By Luis Manuel Aguana
A widespread concern of all civil society demonstrations against what is happening in the country is how we articulate and channel protests around the world to achieve the critical mass needed for something to happen in Venezuela.
Many hours have been devoted to the discussion of how to make the little “tealights” -Maduro dixit– that are taking place all over the country light up in a real fire and mobilize a whole population that cannot see the day when the regime of Nicolás Maduro finally ends. However, the regime has silenced the media and although it is finally known that every day there is some strong protest about a lack of food, health, water, transport, security, etc., throughout the country, the general perception is that Venezuela is in a tense “calm” when in fact it is in a permanent hive.
On a last note in March 2014, which I published at the time of the full street scuffle of that year. (see in Spanish Caída inevitable, at http://ticsddhh.blogspot.com/2014/03/caida-inevitable.html) said that according to serious research carried out in relation to the nonviolent struggle against regimes such as the one we suffer in Venezuela, it was technically concluded that no nonviolent civil insurrection had failed during the study period (1900-2006) after the active and constant participation of only 3.5% of the populationhad been achieved, and that historically successful insurrections had been recorded with a much lower percentage than that.
According to the National Institute of Statistics-INE, we have a projected population of 31.8 million Venezuelans as of 2018, which would require keeping 1.1 million people on the streets in an active and constant manner. Those are the internationally proven mathematics of successful civic protest. In 2014 I thought we could achieve that number on the streets that year alone. But 4 years of beatings, failures, betrayals, deaths, persecutions and mass exodus indicate that unfortunately it will be less and less possible to use the street as the only methodology of struggle, so new open forms must be implemented, We need to be able to demonstrate in a clear and intelligent and at the same time forceful way our rejection and repudiation of this regime, in order to be able to challenge its permanence in power.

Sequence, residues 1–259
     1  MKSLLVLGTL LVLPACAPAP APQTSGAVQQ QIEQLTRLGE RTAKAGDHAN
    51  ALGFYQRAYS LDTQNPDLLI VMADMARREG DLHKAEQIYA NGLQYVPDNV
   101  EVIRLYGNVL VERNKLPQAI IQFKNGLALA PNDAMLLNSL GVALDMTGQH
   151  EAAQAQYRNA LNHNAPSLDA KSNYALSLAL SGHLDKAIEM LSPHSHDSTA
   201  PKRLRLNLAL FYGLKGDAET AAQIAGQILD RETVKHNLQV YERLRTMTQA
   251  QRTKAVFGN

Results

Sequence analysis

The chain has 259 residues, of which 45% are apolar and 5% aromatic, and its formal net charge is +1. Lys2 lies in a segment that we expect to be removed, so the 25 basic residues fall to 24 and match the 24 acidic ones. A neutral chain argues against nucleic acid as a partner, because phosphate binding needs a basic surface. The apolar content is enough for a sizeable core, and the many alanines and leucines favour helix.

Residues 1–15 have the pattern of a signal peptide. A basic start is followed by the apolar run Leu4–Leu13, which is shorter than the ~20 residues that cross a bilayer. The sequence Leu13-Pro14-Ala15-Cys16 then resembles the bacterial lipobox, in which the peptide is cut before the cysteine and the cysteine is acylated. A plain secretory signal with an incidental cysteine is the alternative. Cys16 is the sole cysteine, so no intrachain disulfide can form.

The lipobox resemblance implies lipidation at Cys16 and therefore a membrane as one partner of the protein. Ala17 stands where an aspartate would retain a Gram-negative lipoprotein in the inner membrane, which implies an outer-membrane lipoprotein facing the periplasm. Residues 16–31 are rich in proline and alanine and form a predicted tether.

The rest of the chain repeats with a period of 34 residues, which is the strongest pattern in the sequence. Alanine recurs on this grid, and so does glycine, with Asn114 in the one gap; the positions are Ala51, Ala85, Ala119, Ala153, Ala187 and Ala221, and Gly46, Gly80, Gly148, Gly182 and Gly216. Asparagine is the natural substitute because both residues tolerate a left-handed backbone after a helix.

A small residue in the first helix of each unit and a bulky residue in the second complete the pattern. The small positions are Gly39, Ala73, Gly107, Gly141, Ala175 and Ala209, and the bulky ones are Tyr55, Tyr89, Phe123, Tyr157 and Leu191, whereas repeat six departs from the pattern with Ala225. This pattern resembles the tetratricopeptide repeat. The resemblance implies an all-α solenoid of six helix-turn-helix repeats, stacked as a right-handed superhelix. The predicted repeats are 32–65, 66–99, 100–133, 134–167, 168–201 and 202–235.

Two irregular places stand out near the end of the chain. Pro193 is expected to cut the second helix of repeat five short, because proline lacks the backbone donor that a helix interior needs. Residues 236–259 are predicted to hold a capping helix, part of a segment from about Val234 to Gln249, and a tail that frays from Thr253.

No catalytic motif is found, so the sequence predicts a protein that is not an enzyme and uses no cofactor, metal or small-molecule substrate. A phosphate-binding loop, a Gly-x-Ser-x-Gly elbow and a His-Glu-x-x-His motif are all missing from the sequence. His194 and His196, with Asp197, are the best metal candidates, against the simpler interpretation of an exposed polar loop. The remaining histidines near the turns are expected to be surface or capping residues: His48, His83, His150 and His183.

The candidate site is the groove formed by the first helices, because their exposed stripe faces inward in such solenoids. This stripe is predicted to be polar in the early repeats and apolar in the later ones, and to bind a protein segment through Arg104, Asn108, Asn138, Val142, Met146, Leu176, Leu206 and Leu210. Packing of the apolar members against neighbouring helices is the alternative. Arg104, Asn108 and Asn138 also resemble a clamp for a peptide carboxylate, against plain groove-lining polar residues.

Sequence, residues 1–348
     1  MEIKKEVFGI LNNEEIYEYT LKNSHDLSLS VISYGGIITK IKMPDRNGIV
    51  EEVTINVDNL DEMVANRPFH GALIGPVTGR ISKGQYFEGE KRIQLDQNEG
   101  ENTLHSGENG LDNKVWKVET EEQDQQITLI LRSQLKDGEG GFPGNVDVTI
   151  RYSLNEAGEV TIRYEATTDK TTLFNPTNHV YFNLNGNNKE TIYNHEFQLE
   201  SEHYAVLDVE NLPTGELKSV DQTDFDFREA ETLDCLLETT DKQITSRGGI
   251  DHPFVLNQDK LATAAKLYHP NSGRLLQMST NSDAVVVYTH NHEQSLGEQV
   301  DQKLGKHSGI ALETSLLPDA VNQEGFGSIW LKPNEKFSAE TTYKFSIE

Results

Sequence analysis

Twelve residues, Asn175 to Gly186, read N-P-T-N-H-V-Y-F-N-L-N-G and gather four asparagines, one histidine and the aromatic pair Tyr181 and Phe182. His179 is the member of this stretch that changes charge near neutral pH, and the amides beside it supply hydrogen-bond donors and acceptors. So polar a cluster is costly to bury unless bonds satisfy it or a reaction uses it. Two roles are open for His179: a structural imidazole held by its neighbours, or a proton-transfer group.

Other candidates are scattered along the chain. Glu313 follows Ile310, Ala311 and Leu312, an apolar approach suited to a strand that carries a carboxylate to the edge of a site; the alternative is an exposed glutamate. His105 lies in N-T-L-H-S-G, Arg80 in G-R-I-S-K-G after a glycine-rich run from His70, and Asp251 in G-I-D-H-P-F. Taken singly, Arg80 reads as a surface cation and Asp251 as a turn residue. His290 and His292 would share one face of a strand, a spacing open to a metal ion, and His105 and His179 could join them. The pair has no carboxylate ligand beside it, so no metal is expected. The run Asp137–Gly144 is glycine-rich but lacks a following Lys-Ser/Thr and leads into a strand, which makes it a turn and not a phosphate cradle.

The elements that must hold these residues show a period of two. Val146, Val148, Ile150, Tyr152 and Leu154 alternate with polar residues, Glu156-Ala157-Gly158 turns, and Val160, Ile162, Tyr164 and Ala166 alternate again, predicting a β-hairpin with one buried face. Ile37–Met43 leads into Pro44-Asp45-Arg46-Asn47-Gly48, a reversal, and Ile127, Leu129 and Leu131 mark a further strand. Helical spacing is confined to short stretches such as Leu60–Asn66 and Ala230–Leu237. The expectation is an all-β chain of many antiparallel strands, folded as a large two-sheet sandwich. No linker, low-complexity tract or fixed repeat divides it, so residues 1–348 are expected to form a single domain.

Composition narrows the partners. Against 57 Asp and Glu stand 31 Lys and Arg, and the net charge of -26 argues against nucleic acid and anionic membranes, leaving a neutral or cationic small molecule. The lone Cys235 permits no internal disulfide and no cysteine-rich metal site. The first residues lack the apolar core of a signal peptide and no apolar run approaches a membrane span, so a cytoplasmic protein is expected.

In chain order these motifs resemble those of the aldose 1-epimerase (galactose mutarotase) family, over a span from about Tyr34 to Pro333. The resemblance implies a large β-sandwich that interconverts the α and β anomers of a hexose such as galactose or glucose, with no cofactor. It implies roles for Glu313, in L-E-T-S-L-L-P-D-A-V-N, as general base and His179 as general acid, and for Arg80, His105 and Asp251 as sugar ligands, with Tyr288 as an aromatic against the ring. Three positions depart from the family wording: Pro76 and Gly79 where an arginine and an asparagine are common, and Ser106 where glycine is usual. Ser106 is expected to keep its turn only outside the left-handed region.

On the eve of the next May 1st mobilization, many organizations will take to the streets in a fair protest seeking demands that it is impossible for this regime to give, not only because they destroyed the entire system of life of the population but because they do not have any alternative way to keep the country afloat without the money of the oil rent, and that now is insufficient.
This depressing picture will get into a vicious cycle. The population on the street will protest and their request will be answered with more violence and repression, returning to the beginning with more hunger and more misery, which will in turn provoke more protests.
“Against hunger, misery, corruption and repression” will be the slogan of the unions and other organizations of the country for May 1st. How many people can be mobilized in Venezuela for the social protest? Everything indicates that we are in the presence of a significant increase in social conflict. According to the Venezuelan Observatory of Social Conflict, protests increased by 40% in one year, immediately demanding humanitarian cooperation, with February 2018 characterized by “an increase in labor protests, protests for food and medicine, street closures, rallies and paralyses as the main forms of protest…”. (see in Spanish Conflictividad social en Venezuela en febrero de 2018, en https://www.observatoriodeconflictos.org.ve/tendencias-de-la-conflictividad/conflictividad-social-en-venezuela-en-febrero-de-2018).
Venezuelans who are committed to the return to the rule of law, to respect for the Constitution and its observance (until we can change it for a better one) are obliged to the country to propose new forms of organization and non-violent struggle. The effective combination of street protest for unfulfilled demands that by their very nature are completely dissimilar, with a coherent route of how to solve the country’s political problem could effectively give the articulation required for the sum of all these protests to constitute that critical mass required to sustain the international minimum required for the displacement of the regime.
The isolated protests – the “tealights” that Maduro called – without a glue that gives them a sense of political unity, will continue to be that, “tealights”. But they all have one thing in common: they are the consequence of a nefarious economic system imposed by a ruling clique ideologically opposed to the majority of the country. There is no protest that does not have its origin in something that this regime has destroyed in its eagerness to impose 21st Century Socialism on Venezuelans.
A Popular Consultation that indicates the clear route to displace Nicolás Maduro from power will add to a single critical mass all the Venezuelans who still remain in the country, both those who actively protest in the streets and those who do not for reasons of age, health, security, etc., and that they are the great majority, giving a clear majority mandate to those who govern us, and a strong message to the international community that we Venezuelans want change in peace and democracy, and indicating to those who still hold the popular representation in the National Assembly that they still owe us a Transitional Government and National Unity.
Seen in this light, the Popular Consultation is a formidable tool that should be used by those who are trying to articulate social protest in its different manifestations, no longer understanding it as a substitute for it. It is high time we used the channels of participation that are in the Constitution in support of our cause, before they cease to exist….
Caracas, April 24, 2018